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Adaptive deep brain stimulation for Parkinson's disease demonstrates reduced speech side effects compared to conventional stimulation in the acute setting
  1. Simon Little1,
  2. Elina Tripoliti1,
  3. Martijn Beudel2,
  4. Alek Pogosyan3,
  5. Hayriye Cagnan3,
  6. Damian Herz3,
  7. Sven Bestmann1,
  8. Tipu Aziz4,
  9. Binith Cheeran4,
  10. Ludvic Zrinzo1,
  11. Marwan Hariz1,
  12. Jonathan Hyam1,
  13. Patricia Limousin1,
  14. Tom Foltynie1,
  15. Peter Brown3
  1. 1 Sobell Department of Motor Neuroscience & Movement Disorders, UCL Institute of Neurology, London, UK
  2. 2 Department of Neurology, University Medical Centre Groningen, University of Groningen, Groningen, The Netherlands
  3. 3 MRC Brain Network Dynamics Unit (BNDU), Department of Pharmacology and Nuffield Department of Clinical Neurosciences, University of Oxford, Oxford, UK
  4. 4 Nuffield Department of Surgical Sciences, John Radcliffe Hospital, University of Oxford, Oxford, UK
  1. Correspondence to Professor Peter Brown, Nuffield Department of Clinical Neurosciences, University of Oxford, Level 6, West Wing, John Radcliffe Hospital, Oxford OX3 9DU, UK; peter.brown{at}

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Deep brain stimulation (DBS) for Parkinson's disease (PD) is currently limited by costs, partial efficacy and surgical and stimulation-related side effects. This has motivated the development of adaptive DBS (aDBS) whereby stimulation is automatically adjusted according to a neurophysiological biomarker of clinical state, such as β oscillatory activity (12–30 Hz). aDBS has been studied in parkinsonian primates and patients and has been reported to be more energy efficient and effective in alleviating motor symptoms than conventional DBS (cDBS) at matched amplitudes.1 ,2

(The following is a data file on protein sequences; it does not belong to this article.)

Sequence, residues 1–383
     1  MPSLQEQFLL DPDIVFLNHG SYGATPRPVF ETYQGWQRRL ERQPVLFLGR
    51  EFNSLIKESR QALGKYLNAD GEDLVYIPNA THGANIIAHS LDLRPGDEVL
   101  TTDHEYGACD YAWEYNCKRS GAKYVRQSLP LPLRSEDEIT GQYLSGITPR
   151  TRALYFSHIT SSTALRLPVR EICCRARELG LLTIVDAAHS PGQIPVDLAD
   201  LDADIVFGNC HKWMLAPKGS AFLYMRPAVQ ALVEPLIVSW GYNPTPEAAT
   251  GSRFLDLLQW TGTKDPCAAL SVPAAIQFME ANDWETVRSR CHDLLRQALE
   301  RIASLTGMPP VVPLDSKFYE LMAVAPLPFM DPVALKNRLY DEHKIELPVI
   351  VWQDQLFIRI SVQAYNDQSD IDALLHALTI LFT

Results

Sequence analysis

However, these studies have not considered whether side effects can also be avoided with clinically effective stimulation. In PD, it is well recognised that a significant proportion of patients develop speech deterioration following DBS of the subthalamic nucleus (STN), which may be reversible.3

Here we test bilateral stimulation, optimising parameters for aDBS, and evaluate speech intelligibility. We hypothesised that acute aDBS would be more effective and more efficient than cDBS at matched stimulation parameters while causing less speech impairment.


We recruited 10 patients with advanced idiopathic PD following implantation of DBS electrodes into the STN.2 Recordings took place 3–6 days following electrode placement during a temporary period of externalisation. All participants gave informed written consent, and were tested following overnight withdrawal of dopaminergic medication (see online supplementary material). Two patients were excluded due to external stimulator failure leading to no voltage delivery under aDBS and cDBS conditions.

supplementary data


aDBS stimulation was delivered bilaterally, only when β amplitude exceeded a threshold as previously described.2 aDBS contacts, voltages and trigger thresholds were independently set for the two sides according to motor benefit versus induced paraesthesiae, with the same contacts/voltages used for cDBS.

Stimulation in each block continued for 15 min prior to evaluation. Participants were assessed …

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